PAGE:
Archive - May 22, 2010
There is a reason they call it the Democratic Party. Actually, there are probably several reasons for it, and the most accurate probably have something to do with a group of people being a party to a lawsuit, or making a reservation for a party of five at a restaurant. However, the opening of the 2010 Connecticut Democratic Party State convention served as a good reminder of other aspects of what makes it the Democratic Party.
My convention adventure started in my home town of Woodbridge CT, as I met a member of our delegation to carpool up together. She was just finishing up an event at our local school and we got on the road. On the drive up, we talked about local politics. When we arrived at the convention, there were volunteers and staffers holding up signs everywhere, encouraging delegates to support one candidate or another.
In the parking lot, old friends greeted one another. I saw many folks that I had worked together with, on one campaign or another. People wore different stickers indicating their support for various candidates, and friends who had worked together in previous campaigns were now working against one another.
Friday night was about the U.S. Senate nomination. There were more Merrick Alpert supporters outside than I expected. Many were old anti-war activists. Another person held up a giant sign noting Alpert’s support of Lieberman in the 2006 Democratic Primary.
Inside, the giant meet and greet continued. There were discussions about the platform. There were people jockeying for attention on the underticket. There were various legal maneuvers. One table, manned by Susan Bysiewicz supporters gave away the last trinkets of her ill-fated campaign for Attorney General.
The convention slowly came to order, too slowly for many party officials, as Chairwoman DiNardo repeatedly asked the delegates to take their seats and quiet down. She sounded like a beleaguered school teacher, trying to get excited kids to settle down. The Sergeant At Arms joined in, instructing people to clear the aisles. Slowly, the convention got down to business.
The nominations were made in alphabetical order. Merrick Alpert’s nomination was the first. His supporters took yet another opportunity to complain about Alpert not being given a chance to speak. They spoke about the importance of a primary, like a practice game, and giving voters a chance to choose who they think the best candidate would be.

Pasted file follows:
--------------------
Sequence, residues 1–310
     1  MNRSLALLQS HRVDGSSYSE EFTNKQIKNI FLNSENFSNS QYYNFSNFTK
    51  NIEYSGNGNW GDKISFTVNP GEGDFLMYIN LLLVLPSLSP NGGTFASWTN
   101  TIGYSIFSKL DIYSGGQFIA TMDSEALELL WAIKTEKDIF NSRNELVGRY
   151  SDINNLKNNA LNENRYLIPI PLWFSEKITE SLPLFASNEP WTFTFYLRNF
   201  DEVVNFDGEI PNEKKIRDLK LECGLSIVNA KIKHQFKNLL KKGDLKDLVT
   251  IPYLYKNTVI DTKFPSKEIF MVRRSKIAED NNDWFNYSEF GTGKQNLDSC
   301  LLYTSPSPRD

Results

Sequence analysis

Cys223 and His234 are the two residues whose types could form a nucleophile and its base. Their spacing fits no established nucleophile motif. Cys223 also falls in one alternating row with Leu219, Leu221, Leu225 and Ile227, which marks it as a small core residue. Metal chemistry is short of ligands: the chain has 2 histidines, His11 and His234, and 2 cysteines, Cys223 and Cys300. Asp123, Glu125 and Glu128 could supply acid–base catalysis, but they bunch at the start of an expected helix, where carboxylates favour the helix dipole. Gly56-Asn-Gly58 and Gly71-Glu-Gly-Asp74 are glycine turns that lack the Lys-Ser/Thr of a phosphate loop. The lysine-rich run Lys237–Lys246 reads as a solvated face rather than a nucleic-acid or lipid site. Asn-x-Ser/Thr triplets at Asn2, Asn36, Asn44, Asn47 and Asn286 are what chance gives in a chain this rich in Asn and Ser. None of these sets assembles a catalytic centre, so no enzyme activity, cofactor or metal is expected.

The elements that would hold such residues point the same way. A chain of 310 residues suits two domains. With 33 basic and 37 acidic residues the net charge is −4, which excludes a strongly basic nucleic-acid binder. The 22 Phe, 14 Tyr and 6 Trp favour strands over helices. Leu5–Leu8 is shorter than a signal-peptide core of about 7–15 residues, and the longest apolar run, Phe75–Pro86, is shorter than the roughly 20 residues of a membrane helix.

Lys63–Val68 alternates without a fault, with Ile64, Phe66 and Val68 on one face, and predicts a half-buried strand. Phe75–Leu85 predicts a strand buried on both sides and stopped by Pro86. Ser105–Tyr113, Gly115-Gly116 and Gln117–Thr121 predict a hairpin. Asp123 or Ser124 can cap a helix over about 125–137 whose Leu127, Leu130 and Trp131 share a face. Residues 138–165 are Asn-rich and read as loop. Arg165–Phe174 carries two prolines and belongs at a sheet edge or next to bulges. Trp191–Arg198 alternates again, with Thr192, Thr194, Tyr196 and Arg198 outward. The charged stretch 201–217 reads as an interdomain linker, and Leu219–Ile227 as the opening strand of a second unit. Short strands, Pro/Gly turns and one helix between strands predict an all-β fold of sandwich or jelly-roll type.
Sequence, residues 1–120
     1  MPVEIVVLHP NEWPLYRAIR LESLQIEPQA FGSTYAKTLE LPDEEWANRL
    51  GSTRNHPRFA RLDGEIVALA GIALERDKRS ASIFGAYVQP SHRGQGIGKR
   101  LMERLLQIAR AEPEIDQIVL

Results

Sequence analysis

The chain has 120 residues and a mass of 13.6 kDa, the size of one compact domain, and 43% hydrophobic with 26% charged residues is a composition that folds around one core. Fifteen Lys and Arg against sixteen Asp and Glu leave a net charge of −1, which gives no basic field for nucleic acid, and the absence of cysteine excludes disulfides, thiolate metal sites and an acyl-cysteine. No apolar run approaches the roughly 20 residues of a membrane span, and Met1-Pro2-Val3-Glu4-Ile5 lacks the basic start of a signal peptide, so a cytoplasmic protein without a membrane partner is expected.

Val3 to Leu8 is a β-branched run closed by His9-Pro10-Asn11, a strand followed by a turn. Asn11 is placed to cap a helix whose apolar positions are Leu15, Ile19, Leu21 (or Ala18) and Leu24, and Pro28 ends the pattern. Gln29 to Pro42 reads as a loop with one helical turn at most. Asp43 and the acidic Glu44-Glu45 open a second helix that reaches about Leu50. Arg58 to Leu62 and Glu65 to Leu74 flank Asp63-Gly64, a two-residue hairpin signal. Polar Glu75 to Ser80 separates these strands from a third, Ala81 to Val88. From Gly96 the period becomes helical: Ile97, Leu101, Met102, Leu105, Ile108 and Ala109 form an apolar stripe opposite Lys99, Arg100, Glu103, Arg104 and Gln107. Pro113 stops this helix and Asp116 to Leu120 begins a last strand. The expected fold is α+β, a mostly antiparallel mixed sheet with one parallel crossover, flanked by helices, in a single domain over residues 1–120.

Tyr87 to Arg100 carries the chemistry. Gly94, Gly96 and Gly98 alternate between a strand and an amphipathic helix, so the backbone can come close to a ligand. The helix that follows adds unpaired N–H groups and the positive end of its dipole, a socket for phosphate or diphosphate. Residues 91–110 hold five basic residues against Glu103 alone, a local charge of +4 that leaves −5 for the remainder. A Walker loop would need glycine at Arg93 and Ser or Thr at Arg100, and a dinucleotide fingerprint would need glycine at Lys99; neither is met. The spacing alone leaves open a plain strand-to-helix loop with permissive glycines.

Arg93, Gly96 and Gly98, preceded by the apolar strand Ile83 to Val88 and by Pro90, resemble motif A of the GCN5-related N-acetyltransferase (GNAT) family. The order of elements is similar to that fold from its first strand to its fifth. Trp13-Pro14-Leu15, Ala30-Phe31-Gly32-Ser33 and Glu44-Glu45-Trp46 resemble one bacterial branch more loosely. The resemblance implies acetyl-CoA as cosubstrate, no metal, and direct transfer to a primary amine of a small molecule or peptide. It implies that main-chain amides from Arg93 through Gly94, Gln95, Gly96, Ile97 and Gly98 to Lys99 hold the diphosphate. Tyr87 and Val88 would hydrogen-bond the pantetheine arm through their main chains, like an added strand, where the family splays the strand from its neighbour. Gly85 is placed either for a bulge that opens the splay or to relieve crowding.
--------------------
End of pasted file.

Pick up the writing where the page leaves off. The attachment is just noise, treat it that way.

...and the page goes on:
People had questioned whether Alpert would get more than 1 or 2% of the delegates. He needed 15% to qualify for a position on the primary ballot. By lottery, the fourth congressional district was selected as the first district in the roll call. In this district, Alpert received over 5% of the vote, and it continued as a trend through the coming district roll calls.
As the roll call continued on, Alpert asked to address the convention and was given the opportunity. He said that the results were clear and that he wished to withdraw his name from nomination and announced that he would support Richard Blumenthal for U.S. Senate. It was then moved that the convention nominate Blumenthal by unanimous acclamation, and the roll call was cheerfully dispensed with.
The convention adjourned and the next order of business was the parties. There were plenty of good parties to choose from. Dan Malloy had a large party taking place in the parking lot of the Expo Center and many delegates gathered there to discuss their plans for the evening. Blumenthal’s party was the closest one not at the Expo Center. It was a fairly staid event with a cash bar at the Greater Hartford Jaycees Community Boathouse. As we mingled, both Dan Malloy and Ned Lamont showed up to congratulate Blumenthal before heading on to other events.
Since my travelling partner for the evening was a Lamont Delegate, our next stop was Lamont’s party at Pig's Eye Pub on Asylum Street. It was loud, crowded and boisterous, perhaps in part, because it had an open bar. Like with the events throughout the evening, it was packed with old friends catching up with one another. There were several other events of the evening, but we headed back to Woodbridge after Ned’s party. Saturday is expected to be a long day.
Back at home, I checked in online. Text messages flew back and forth at midnight as I talked about the Democratic Convention as well as the Republican Convention.
Friday was a beautiful evening. The weather was nice. Friends gathered; people who have worked against one another in some battles and with each other in other battles. What they all had in common was a belief in the democracy that makes our country great, the ability to fight out the battle of ideas in a friendly manner. Too often, politics gets a bad rap, when looked at through “gotcha” news headlines, and perhaps it is time for people to see some of what is great about the American political process and to join the party.